However, in a sports car race at Goodwood, Masten again performed another one of his trademarks by bailing out of his Jaguar when his steering failed. He consequently missed the final two Grands Prix as a result. Despite missing several races due to these injuries and having his share of mechanical problems, Masten still finished tied for eighth in the World Championship, with Jack Brabham winning the World Driver Championship.
Brabham, McLaren and Masten's efforts that season helped bring Cooper their first Constructors championship as well. In , Masten's contract with Cooper was not renewed, something that he was very bitter about.
According to Riddelle, Masten maintained this belief as well. While we may never know the real reason for Masten's release, Cooper did decide to become a two-car team for the season. And whether or not this was at the request of the newly crowned champion Brabham is not known for certainty. As far as Masten being faster than "Black Jack" Brabham, Masten probably did not get the machinery or attention to show it as a third driver for Cooper.
However, he did win a pole and set a course record in a non-championship Grand Prix at Aintree that season. This, in addition to qualifying directly behind Brabham in his final two Grands Prix before getting injured. He also scored his career best finish, a second place finish, in the Portuguese Grand Prix which also turned out to be his last race for Cooper before his season ending injuries.
It also should be noted that Masten had out-qualified and finished ahead of Brabham in four out of the six races in which they competed against one another during the previous two seasons. One thing was certain: Masten was consistently faster than McLaren when the two went head to head in Formula One and in Formula Two that season. However, McLaren was retained and Masten's contract was not renewed. The best finishes Masten was able to produce before his Formula One career ended in , occurred during the season when he drove a Lotus 24 for the UDT Laystall team.
At the French Grand Prix, he was running fourth behind Dan Gurney the eventual winner before having to retire due to ignition problems. Otherwise, it might have produced an interesting scenario of the two Americans battling it out for their first Formula One win. Masten's talent and commitment to Grand Prix racing earned him a better fate in Formula One.
He was so dedicated to landing a competitive Formula One ride that he actually moved his wife and children to Italy during the s, into a villa across from the Ferrari factory. However, the best Formula One opportunity that Enzo Ferrari would offer him was as a number four driver where he would only get to compete in two or three Grands Prix a year.
At any rate, it is highly probable that Masten would have been the first American to win a Formula One Grand Prix and possibly even a World Championship if he could have landed a top ride with a factory team after his impressive rookie season.
Fortunately, Masten's sports car career took off again after his release from Cooper. At the Le Mans 24 Hours, despite having to retire due to electrical problems, Masten recorded the fastest lap of the race in his Birdcage Maserati T61 during the opening laps of the race. This was the first time an American had ever recorded the fastest lap overall in a race at Le Mans. In a Le Mans review article, it was stated that Masten was turning such fast laps in the opening part of the race that at one point a jet-powered helicopter flying overhead could not keep up with Masten down the Mulsanne straight.
In , Masten won a Km race at the ever-treacherous Nurburgring circuit in a Birdcage Maserati co-driving with Lloyd "Lucky" Casner despite having no sponsor and having to borrow tires after the final practice. At Le Mans that same year Masten recorded his best finish to date in the 24 Hour race co-driving with Bob Holbert, finishing fifth place overall and first in class in a Porsche RS61 Spyder. In , Ford Motor Company began its pursuit of beating Ferrari and capturing the most prestigious sports car race in the world, Le Mans.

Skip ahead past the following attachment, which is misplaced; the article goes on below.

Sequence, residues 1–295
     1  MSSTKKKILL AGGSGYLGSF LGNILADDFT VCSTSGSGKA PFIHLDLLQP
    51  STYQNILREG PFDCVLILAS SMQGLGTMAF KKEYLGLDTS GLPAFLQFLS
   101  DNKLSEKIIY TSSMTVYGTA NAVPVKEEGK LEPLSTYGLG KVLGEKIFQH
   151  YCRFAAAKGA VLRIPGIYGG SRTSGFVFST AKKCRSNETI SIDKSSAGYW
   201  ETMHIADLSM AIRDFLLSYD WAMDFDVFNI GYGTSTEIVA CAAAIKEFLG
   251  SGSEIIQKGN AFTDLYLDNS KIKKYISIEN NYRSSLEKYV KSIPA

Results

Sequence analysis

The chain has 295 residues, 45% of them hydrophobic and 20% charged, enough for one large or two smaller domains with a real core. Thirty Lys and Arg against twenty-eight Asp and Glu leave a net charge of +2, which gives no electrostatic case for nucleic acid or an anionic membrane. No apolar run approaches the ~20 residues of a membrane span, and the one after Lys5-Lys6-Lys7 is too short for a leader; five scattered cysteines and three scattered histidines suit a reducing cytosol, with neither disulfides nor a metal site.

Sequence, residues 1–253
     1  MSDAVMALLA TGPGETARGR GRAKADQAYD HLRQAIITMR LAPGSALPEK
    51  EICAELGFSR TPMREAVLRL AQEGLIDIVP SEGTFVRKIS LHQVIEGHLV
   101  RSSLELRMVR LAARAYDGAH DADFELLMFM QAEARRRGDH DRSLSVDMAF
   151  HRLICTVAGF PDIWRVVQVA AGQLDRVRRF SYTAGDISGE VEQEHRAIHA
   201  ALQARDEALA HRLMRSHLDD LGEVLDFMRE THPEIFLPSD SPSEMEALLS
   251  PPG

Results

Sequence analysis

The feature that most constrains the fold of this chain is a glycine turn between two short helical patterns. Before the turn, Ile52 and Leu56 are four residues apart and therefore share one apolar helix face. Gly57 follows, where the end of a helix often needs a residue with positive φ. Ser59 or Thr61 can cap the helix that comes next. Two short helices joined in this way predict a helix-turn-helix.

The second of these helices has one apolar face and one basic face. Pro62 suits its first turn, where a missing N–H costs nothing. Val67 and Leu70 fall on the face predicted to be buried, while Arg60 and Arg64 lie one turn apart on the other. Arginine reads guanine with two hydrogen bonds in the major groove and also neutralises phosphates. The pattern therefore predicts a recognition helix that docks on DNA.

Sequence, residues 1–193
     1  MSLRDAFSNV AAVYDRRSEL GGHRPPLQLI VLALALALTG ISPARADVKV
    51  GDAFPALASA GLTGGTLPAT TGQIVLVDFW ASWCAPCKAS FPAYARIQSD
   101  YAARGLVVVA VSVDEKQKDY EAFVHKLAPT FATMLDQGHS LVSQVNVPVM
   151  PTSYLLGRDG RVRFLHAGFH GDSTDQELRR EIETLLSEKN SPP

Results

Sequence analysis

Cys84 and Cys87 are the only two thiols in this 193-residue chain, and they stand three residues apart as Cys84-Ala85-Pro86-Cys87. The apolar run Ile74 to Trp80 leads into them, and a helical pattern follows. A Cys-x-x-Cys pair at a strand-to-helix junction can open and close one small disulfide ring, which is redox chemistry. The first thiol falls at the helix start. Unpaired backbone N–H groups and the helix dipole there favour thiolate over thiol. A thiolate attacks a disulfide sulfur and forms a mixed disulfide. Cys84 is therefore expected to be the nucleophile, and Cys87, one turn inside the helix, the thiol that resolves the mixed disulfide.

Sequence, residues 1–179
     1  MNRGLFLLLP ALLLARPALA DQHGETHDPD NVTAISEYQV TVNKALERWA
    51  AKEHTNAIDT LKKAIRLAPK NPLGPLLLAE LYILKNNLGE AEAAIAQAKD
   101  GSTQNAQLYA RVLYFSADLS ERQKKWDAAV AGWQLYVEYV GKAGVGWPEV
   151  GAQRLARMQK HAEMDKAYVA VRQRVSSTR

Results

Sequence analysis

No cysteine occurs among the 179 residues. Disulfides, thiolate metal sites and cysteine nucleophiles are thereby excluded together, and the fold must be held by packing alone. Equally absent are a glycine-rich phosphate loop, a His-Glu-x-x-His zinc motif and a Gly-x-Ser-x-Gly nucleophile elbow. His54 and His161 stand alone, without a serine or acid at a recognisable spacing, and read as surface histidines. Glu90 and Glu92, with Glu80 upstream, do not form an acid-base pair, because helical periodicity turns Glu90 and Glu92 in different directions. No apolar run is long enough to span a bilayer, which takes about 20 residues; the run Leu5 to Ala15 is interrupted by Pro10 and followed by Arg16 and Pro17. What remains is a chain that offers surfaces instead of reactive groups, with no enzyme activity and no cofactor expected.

He was paired up with Richie Ginther in one of their GT40 entries, and things looked very encouraging as the team led for a while early on in the race.
A slow pit stop caused Masten to come out in second place and the team held that position going into the evening until the car retired due to gearbox problems in the fifth hour. He teamed up with Jochen Rindt and the two blistered the 8. It was the first time that an American entry had ever won the prestigious race. It was also an unexpected win since it had been eight years since a non-factory team had won Le Mans. This was easily the biggest win of Masten's career.
It also happened to be a big win for Goodyear since this was the first time a car fitted with Goodyear tires finished first overall in an international race. Interesting to note, to this date the win was the last time a Ferrari has ever won Le Mans. George Bryant was Masten's stepfather and according to Riddelle, their mother did not like Masten racing to begin with.
She was especially against the idea of her husband sponsoring their son. Masten qualified on the last row thirty-first for the race, but that starting position did not impede him. He quickly passed fourteen cars on the opening lap and was running fifth before engine problems ended his great run.
Masten's international sports car career then started to wind down with the following highlight finishes: Finally, after the death of long time friend Jo Bonnier at Le Mans in , Masten decided it was time to distance himself from competitive racing. Masten never officially retired from racing. He told his brother that many drivers announce their retirement and then come back so he decided that he would just stop competing. Certainly, the dangers associated with competitive racing cannot go unspoken.
In addition to seeing his long time friend Bonnier die from a crash at Le Mans, Masten had seen quite a few of his fellow competitors perish in racing accidents. Masten himself had seven major crashes during his career, any of which could have easily resulted in him meeting his Maker.
He was unfairly labeled as a car crasher by a few critics and it was said to have hurt his career. However, the records clearly show that Masten rarely ever crashed out of an F1 event, even in non-championship Grand Prix, and virtually all of his crashes occurred in sports cars. Masten had a very cavalier attitude on the racetrack and was never afraid to stand on the throttle, which boded well for someone racing independent machinery up against factory teams.
He once said, "Frankly, if I couldn't go motor racing I would have to do something else involving hazard because it is the moment of risk that makes the rest of life bearable, valuable or delightful. I hadn't made any plans because it didn't seem worthwhile. Stirling Moss told me flatly that I was going to kill myself soon after I got to Europe.